Maera heaved a deep breath, and rubbed a hand over her face.  “You knew this was what I wanted.  And damn it, Sarevok, he has a name.  It’s Kelsey.  He’s not just ‘the sorcerer’, he’s my husband.  A little consideration would be nice.”

“I must admit I hoped for a warmer welcome.”

“And you might have gotten one if you hadn’t just vanished into the ether after the solar sent us back. You disappeared without a word!  What was I supposed to think?” She took another breath.  “So do you want from me anyway?”

Silence stretched between them.  When Sarevok spoke, it was slowly, as if the words did not come easily.  “Your help.”

“My help doing what?”

“The city of Westgate suffers beneath the boot of a tyrant.  I intend to raise an army and liberate it.”

“Uh huh.”  She folded her arms.  “And where do I fit into this wacky scheme?”

Sarevok stepped towards her, eyes suddenly burning with urgency.  “Come with me!  People would follow you!  The name of Maera of Candlekeep carries great weight.” - “Try living under it.”  - He continued, as if she hadn’t spoken.  “With your sword added to the cause, we cannot fail!  None shall stand before us, and we shall be as we were meant to be, brother and sister, laying waste to those who oppose us, fighting for glory and victory!”  His triumphant voice trailed off before her expressionless face.  “This does not please you?”

“Why should it?  I’ve never fought for glory.  I fought for my survival, and my freedom, and to protect the innocents caught between me and the people trying to kill me.”

“And you will not fight to protect innocents now?  Then you have grown soft.  Soft, and selfish.”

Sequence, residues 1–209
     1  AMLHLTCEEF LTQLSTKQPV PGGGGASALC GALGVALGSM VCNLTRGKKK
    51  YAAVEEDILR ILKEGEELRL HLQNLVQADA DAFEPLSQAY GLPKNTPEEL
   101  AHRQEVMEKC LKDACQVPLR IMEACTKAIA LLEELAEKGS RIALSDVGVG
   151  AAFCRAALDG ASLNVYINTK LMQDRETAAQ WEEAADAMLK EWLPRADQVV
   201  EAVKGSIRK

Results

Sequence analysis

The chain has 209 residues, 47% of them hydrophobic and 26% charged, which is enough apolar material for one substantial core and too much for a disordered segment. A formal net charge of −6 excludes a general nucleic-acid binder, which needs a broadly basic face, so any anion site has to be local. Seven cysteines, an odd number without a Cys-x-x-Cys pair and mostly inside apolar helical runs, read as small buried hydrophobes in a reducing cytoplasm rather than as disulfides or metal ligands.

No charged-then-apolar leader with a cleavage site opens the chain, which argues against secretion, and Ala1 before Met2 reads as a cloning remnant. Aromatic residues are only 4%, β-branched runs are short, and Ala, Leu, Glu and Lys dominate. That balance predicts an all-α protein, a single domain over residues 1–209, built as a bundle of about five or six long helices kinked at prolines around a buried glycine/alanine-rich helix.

Her eyes blazed suddenly and she crossed the distance between them in two long strides.  She was a tall woman, but he towered over her by nearly a foot.  That didn’t stop her from glaring up at him.  “Selfish?  How dare you!  Don’t pretend your motives are so pure, marching on a city without provocation!  Whatever twisted impulses are urging you to do this, figure them out on your own!  Don’t drag other people into it!  Especially not me!”

A slow smile spread across Sarevok’s face, and he leaned closer to her.  “That is the Maera I know.  That fire…this is my sister.”

The air grew uncomfortably intimate.  She could feel his breath on her face.  Maera took a step back, averting her eyes.  She’d tried to ignore it before - the way his eyes would settle on her, follow her around a room - and though they had never talked about it, she had known it infuriated Kelsey.  “Don’t look at me like that and call me sister.”

He cocked his head.  “You do not step away when Imoen is near.”

“That’s different, and you know it.”